From my past experiences living in China to my most recent experiences surviving as an artist in New York City, my artworks represent and reveal what I have been through in my life. In November 2015, “Invisible Line,” a seven minute performance for the opening night of ITINERANT Performance Art Festival in New York, illustrated the frustrations I encountered after my first four months living in New York. The performance consisted of a monologue I recited as I stood on a pile of my oil painting canvases: “I am standing on my paintings; I am standing on the effort I made in the past; I am standing on my dreams. However, I feel insecure, unstable and fragile. What will happen next? Will my dreams collapse? Will all my effort be in vain? I don’t know. But I won’t stop trying; I won’t stop pushing my boundaries; and I won’t stop challenging my limits.”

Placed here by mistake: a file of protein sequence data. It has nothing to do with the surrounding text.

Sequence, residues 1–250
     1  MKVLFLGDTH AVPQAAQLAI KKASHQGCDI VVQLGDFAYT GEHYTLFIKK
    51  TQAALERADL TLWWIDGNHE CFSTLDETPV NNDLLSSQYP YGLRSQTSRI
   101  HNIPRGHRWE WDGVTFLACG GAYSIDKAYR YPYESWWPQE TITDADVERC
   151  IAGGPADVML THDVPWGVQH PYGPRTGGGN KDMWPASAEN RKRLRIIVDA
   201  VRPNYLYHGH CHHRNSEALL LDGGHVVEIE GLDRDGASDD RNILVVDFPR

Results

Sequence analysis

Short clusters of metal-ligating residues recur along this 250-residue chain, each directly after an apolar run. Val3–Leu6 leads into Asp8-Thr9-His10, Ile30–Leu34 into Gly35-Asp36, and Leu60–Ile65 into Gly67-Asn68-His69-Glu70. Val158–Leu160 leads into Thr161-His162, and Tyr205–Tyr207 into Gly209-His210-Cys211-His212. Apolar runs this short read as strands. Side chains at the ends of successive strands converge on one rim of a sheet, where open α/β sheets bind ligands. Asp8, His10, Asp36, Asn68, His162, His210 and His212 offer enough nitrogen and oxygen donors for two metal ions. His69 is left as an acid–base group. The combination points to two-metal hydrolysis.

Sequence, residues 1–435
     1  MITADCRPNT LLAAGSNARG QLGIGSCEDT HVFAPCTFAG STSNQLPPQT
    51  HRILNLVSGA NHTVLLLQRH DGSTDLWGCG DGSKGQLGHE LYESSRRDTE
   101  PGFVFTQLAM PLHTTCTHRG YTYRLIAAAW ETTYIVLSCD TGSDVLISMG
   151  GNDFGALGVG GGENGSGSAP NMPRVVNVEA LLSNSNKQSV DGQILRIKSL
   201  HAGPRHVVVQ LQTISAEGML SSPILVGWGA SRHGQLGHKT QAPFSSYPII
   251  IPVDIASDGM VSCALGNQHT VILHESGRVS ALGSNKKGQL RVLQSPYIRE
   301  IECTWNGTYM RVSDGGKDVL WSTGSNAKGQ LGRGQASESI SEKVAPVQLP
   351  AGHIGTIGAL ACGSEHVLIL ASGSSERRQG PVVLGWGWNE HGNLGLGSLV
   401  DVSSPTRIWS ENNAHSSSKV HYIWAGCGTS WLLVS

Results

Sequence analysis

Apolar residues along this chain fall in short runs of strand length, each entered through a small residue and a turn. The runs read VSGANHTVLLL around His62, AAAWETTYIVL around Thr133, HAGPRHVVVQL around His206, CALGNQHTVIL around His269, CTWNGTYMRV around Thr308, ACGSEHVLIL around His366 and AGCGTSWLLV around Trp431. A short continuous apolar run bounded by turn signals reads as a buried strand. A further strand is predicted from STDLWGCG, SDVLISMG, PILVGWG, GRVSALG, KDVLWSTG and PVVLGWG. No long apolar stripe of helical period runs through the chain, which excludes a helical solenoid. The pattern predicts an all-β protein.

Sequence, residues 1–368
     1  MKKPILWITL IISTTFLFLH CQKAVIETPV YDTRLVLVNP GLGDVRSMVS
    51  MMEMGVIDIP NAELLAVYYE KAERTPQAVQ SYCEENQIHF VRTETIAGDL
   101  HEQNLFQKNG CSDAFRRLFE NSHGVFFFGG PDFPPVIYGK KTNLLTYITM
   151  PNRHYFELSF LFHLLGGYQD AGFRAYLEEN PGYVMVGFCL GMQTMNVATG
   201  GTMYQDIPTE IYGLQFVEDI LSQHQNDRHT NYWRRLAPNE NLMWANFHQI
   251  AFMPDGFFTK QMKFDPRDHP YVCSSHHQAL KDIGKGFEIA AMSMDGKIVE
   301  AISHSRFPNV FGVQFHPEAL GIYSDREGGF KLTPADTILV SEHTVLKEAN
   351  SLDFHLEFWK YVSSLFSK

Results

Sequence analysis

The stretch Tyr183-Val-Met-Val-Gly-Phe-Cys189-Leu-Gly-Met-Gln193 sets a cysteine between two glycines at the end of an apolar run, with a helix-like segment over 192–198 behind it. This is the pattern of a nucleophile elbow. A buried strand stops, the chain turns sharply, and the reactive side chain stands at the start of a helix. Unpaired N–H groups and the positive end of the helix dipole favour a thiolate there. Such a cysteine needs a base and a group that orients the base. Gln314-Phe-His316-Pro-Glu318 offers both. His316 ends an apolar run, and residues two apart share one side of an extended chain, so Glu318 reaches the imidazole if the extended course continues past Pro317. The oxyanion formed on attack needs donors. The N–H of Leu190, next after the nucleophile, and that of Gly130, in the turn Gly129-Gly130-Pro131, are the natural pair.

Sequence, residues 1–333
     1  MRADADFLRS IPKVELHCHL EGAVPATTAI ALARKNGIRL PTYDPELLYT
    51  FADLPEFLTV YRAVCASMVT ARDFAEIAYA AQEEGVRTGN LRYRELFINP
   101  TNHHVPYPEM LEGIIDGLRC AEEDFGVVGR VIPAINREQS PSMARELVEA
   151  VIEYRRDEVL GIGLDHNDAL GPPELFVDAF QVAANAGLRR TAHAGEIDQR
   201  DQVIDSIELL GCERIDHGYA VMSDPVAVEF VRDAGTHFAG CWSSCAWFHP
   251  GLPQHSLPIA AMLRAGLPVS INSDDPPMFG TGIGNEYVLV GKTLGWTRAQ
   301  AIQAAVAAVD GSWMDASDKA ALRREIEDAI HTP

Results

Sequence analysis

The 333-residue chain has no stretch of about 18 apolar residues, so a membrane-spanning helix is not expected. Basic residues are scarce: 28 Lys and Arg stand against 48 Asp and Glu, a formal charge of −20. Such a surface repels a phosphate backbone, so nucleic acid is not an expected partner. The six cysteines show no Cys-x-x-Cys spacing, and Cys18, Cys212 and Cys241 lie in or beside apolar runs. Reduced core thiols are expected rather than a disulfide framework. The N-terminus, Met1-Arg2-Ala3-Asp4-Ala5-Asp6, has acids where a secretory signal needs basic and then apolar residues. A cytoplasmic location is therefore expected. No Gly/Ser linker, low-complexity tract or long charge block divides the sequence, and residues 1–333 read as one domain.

I entered the performance space with a bag of my series of 10 x 8 in “Memory Line” oil paintings. While I was piling up the canvases, I introduced myself to the audience in front of me: “Hi, my name is Huisi He… After I got my MFA, I came to New York City. I thought fame and money would hit me soon. However, instead, I got a significant amount of debt.” While standing on my pile of paintings, I tried to reach out as far as possible by drawing charcoal lines that extended outwards. I put my feet on the pedestal and my hands on the floor and used my core strength to coordinate my movement. The circles of charcoal drawing were mostly invisible, only fragments of charcoal marks, which represented the ways in which most of my artistic efforts were invisible to people. After I ran out of energy I ended the performance by putting my feet on the floor and saying thank you to the audience.